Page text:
Why is there a EEE vaccine for horses but not for humans?

Cummings School Professor Sam Telford, an expert on infections spread by mosquitoes and ticks, explains

Actually, there is a human vaccine for eastern equine encephalitis (EEE), but it has never been approved for public use.

The U.S. Army Medical Research Institute of Infectious Diseases—the military medical research institute at Fort Detrick in Maryland—developed a human EEE vaccine in the mid-1980s. That vaccine has been under clinical trial ever since. The human vaccine is only available to those enrolled in the clinical trial, which is both very selective and—for non-active duty personnel—very expensive. Made from the inactivated whole virus, the human vaccine is safe and effective, just like the widely available veterinary vaccines. 

However, like so many experimental vaccines, the human EEE vaccine will never be brought to market for use by the general public. Due to the way biologics are approved for use and marketing by the U.S. Food and Drug Administration, it is too expensive—costing $150 million or more—to undertake the required clinical trials to provide FDA with the supporting data that they need to evaluate the potential product.

Pharmaceutical companies will not devote this time and money unless there is a very good likelihood of recovering their investment, and they would not recoup this outlay for an illness as rare as EEE, despite its severely dangerous nature. And there is no other way to deploy a new vaccine product—it must be approved by the FDA.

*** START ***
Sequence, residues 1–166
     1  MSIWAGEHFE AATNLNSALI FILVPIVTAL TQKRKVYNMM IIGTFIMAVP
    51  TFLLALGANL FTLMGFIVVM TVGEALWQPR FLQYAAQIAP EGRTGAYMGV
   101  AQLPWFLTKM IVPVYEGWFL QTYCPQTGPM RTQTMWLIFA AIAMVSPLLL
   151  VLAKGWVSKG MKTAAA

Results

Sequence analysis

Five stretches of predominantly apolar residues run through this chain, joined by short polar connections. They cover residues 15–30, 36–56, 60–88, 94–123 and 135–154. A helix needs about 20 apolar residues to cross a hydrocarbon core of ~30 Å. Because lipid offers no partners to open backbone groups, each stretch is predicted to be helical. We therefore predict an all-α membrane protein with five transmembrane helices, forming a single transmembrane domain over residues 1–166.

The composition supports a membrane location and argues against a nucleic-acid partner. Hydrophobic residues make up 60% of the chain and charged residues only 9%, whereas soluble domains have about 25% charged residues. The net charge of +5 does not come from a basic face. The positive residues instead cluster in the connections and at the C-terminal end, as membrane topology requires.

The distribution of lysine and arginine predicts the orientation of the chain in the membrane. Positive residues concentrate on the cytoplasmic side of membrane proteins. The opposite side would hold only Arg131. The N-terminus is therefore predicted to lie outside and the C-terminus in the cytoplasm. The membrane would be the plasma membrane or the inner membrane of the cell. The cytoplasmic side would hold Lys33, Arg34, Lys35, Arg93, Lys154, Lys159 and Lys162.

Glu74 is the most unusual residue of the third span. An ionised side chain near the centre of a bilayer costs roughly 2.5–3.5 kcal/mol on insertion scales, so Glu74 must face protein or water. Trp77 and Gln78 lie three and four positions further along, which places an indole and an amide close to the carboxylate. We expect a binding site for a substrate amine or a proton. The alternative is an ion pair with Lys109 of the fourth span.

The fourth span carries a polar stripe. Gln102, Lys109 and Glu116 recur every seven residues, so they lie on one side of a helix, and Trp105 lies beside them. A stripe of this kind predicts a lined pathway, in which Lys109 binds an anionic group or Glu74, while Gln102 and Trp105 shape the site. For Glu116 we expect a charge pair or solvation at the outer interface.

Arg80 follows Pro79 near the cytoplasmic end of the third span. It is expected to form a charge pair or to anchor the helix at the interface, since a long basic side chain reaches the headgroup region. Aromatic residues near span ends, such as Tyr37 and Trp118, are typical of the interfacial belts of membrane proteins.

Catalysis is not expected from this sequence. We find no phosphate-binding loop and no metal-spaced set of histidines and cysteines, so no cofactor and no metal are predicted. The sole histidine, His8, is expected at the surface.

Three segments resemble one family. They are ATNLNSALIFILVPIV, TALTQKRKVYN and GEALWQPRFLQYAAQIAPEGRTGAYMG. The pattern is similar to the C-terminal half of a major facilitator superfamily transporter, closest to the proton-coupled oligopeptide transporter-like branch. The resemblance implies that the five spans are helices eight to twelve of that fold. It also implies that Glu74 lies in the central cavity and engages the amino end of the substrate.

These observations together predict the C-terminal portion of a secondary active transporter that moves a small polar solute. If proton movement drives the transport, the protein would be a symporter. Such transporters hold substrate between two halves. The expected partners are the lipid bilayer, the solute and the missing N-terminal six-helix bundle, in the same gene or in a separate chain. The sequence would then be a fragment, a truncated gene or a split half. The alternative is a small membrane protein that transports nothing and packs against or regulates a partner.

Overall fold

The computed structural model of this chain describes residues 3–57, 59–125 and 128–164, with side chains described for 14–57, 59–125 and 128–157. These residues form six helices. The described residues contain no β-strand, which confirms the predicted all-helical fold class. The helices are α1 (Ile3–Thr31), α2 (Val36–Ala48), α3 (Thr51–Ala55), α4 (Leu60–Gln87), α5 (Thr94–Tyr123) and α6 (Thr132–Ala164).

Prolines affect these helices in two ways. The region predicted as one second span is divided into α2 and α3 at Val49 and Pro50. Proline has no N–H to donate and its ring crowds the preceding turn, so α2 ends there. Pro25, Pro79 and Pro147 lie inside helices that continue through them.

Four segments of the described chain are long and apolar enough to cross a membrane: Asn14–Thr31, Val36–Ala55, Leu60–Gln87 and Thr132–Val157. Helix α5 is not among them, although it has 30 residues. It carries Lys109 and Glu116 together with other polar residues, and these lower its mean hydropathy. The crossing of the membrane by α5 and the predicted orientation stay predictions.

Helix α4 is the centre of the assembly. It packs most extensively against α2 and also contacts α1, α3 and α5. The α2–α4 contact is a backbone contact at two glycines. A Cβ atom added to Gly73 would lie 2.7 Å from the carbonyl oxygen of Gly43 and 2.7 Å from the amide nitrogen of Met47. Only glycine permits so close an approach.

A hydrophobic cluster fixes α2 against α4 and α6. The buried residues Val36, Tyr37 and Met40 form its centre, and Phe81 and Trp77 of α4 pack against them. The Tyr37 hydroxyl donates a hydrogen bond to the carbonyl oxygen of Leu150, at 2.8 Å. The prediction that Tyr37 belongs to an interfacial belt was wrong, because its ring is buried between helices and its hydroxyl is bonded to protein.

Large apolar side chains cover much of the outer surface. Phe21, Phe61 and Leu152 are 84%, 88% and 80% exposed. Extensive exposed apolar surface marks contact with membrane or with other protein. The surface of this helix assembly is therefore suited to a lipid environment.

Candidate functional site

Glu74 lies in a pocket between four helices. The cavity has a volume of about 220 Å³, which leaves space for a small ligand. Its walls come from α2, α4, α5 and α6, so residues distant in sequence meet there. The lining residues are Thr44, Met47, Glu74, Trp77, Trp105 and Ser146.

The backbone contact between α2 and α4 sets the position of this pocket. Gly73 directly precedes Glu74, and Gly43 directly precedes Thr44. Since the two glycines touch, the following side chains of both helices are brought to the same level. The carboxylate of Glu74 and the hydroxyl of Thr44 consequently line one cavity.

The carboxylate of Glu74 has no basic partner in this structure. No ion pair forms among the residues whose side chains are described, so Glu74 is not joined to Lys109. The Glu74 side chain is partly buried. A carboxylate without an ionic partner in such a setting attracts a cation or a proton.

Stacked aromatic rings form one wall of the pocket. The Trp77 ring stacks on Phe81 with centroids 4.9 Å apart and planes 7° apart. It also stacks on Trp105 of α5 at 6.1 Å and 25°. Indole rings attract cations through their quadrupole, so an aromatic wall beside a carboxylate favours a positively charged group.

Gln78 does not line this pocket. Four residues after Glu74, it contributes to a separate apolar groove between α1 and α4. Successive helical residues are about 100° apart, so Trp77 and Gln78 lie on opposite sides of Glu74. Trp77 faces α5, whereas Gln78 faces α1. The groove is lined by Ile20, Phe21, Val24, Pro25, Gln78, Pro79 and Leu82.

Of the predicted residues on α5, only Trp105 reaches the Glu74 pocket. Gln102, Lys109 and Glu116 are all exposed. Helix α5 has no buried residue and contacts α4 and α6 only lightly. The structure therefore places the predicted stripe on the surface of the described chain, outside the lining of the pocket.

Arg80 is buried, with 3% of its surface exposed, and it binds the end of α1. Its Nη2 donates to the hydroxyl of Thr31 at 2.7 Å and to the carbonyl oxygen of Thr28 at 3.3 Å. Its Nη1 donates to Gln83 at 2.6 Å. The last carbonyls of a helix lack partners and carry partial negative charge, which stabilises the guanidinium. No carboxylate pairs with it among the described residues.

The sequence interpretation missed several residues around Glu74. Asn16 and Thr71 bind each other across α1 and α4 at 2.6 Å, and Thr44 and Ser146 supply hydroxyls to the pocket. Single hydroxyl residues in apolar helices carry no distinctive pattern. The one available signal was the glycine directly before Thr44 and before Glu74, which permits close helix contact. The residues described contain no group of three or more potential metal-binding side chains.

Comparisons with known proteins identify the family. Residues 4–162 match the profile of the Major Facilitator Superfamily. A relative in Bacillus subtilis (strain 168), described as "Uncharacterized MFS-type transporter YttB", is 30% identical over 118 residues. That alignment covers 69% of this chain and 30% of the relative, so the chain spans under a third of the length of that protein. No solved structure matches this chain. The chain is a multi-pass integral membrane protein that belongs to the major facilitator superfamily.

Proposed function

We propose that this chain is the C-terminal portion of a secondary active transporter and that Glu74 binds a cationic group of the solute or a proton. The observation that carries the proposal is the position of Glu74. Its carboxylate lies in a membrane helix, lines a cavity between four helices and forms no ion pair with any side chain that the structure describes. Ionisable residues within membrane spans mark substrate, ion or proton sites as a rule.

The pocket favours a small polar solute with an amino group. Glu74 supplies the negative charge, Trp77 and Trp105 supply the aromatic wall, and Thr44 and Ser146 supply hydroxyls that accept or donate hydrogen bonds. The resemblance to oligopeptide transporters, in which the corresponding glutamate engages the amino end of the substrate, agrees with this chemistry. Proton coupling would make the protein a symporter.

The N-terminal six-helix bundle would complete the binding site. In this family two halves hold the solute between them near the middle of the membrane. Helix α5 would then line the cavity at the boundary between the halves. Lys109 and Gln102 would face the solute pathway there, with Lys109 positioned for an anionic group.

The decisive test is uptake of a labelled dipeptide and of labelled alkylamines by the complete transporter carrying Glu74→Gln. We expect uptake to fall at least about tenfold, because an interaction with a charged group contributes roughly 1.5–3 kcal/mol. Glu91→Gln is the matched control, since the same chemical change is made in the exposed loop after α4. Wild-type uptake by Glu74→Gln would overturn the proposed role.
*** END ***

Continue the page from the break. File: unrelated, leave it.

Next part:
Personally, I think we need another approval pathway that would allow public-health use of experimental vaccines. I have been exploring this given my experience with research and development of the first human Lyme disease vaccine, which was taken off the market by the manufacturer due to poor sales.

One mechanism might be like the groundbreaking Right to Try Act. Clearly, there is a huge difference between allowing terminally ill patients access to experimental drugs and routinely vaccinating to prevent a rare disease, but the door has been opened to thinking outside the box. I’d argue that we need to look at whether such a mechanism might work for new vaccines—and how that could be implemented safely.

Editor’s Note: The opinions of Tufts experts do not necessarily reflect the views of the university.

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